On my return in 1971 from five years exile in England my friends seemed to think I needed to be re-introduced to Jamaica.
They were right. My first shock was downtown Kingston, which resembled parts of Berlin as it was then. In 1966, when I went to Berlin, there were huge gaps in the cityscape caused by Allied military action – by aircraft or tanks during the Second World War.
Kingston's wounds were caused by friendly fire, the work of the misnamed Ministry of Development and Welfare and the equally oxymoronic Urban Development Corporation.
Between them, forty years ago, they were going to turn Kingston into a tropical Miami with all mod cons. Instead of proceeding one building or one block at a time, Mr Edward Seaga and Mr Moses Matalon were going to transform the city, overnight. Boom! Another one gone!
As we drove through the silent ruins of Port Royal Street, ~Harbour Street, Rumbo Lane, Little Port Royal Street and South Street, something strange began to happen. Whenever we stopped the car by some derelict building so that I could try to envisage what had been, suddenly into the headlights erupted hordes of little boys, scuttling like rats or cockroaches in every direction, running as fast as their meagre legs would carry them.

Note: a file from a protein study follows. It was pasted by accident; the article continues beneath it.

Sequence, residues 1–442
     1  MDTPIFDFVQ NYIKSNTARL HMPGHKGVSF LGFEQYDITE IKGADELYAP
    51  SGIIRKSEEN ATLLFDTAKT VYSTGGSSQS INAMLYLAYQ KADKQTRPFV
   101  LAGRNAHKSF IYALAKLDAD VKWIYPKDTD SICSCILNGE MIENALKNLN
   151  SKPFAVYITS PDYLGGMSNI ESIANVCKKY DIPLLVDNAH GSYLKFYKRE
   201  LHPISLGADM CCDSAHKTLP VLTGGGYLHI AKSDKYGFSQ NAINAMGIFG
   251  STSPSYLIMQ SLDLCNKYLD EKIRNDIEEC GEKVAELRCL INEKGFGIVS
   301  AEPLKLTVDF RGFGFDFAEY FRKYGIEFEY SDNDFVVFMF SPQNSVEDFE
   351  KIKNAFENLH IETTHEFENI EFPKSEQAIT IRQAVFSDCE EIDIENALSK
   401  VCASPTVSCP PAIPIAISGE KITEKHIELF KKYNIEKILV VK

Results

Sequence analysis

"Why are they running?" I asked.
"They think we're the police, come to catch them and beat them up."
This was new to me. I had written a great deal about police brutality before being forced to take my talents elsewhere, but I hadn't heard, till then, of the police hunting children.